2) Brooks Addiction Walker
Function over form is the Addiction Walker’s motto. This oversized, stability-walking silhouette is anything but sleek. Or lightweight.
Its 14-ounce weight is all about protective comfort. The full-grain leather upper makes for a nice and premium-feeling foot covering. Below the upper is a medially-posted midsole with a copious amount of foam for cushioning. The walking-specific outsole has a flat and supportive profile with a slip-resistance certification.
3) Geox Aerantis
Geox is one of those brands that have managed the casual-athletic balance consistently well. If you walk on a dry and debris-free surface, the Geox Aerantis is a sensible choice.
The midsole is perforated to let the air pass through freely; it also has enough foam volume for ride comfort. The suede upper is a clever material choice as it delivers breathable support. Don’t get it wet though – water is the enemy of suede.
4) Johnston and Murphy XC4 Cleary Moc toe U-throat
The J&M XC4 Cleary may seem expensive for a walking shoe, but there’s a lot that you get for the money. The vented, tumbled leather is protective on the outside and waterproof on the inside – thanks to a bootie construction that stops the water from entering. The lining is made of sheepskin for over-the-foot comfort.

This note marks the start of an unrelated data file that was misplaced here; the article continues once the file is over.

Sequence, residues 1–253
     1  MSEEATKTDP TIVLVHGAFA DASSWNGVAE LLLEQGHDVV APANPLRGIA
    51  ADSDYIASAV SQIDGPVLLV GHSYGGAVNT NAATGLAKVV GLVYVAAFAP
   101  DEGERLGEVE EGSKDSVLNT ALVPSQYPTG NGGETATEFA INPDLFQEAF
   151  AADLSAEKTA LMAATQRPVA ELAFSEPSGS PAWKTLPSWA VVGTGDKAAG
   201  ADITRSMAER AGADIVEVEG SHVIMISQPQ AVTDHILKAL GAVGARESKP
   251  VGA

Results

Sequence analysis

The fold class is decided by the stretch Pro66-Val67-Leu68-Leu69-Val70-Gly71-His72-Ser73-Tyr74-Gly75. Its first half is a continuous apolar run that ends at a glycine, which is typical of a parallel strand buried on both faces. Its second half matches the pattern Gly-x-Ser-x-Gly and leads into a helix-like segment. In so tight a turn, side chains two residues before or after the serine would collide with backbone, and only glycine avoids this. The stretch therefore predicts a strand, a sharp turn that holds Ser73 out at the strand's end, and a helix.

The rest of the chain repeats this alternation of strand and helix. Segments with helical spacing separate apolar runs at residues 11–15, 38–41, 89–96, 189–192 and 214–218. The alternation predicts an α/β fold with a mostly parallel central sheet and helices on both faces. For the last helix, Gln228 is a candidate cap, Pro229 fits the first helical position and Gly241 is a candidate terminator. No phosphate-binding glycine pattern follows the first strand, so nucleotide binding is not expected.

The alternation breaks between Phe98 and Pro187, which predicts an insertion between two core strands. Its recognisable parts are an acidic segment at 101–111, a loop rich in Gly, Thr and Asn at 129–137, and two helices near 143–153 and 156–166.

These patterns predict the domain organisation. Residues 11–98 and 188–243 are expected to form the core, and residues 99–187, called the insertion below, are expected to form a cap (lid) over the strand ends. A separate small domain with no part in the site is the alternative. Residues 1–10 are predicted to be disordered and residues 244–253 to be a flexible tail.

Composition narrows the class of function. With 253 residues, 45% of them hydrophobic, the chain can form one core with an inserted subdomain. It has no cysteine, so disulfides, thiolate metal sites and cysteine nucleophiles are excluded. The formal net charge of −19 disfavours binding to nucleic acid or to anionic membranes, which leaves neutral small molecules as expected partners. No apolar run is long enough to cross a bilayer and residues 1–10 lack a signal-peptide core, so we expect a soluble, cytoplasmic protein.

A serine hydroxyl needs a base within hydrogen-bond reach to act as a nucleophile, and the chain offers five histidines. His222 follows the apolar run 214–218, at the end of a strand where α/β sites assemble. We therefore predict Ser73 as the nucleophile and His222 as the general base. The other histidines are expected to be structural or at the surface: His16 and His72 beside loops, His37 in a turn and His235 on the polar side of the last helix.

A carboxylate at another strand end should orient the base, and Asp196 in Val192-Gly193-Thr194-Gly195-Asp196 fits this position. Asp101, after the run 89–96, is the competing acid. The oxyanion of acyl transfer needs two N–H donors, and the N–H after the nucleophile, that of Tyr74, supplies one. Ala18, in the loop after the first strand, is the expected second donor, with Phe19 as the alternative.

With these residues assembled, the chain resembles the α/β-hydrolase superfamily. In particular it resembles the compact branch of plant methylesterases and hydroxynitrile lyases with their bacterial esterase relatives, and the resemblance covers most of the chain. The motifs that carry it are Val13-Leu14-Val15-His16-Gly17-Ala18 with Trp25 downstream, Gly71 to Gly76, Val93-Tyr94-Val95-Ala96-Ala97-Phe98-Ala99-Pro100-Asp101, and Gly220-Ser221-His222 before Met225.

The memory foam footbed and the EVA midsole packs lots of ride comfort for walks.
5) New Balance leather 928V3
The 928 is a solid, albeit stiff, walking shoe choice from New Balance, and quite literally so. This is a 15.4-ounce shoe we’re talking about. A thick, full-contact, non-marking outsole is connected to a plastic stabilizer so there’re satisfactory levels of traction and support.
This shoe also featured in our orthotic-friendly shoe guide due to its dense Polyurethane insole. With the latter, you get the step-in cushioning comfort over a very firm midsole.
The upper is based on a standard New Balance walking template, the kind that combines milled-leather with a soft lining.
6) New Balance 1200
Not everyone likes the somewhat dated New Balance walking shoe design, so how about something preppy? In that case, the 1200 is your answer.
This model is based on a boat shoe design, yet retains features that deliver sports-shoe grade comfort. The Abzorb midsole gives you the comfort you need, and the non-marking outsole is good news for the grip and transition quality.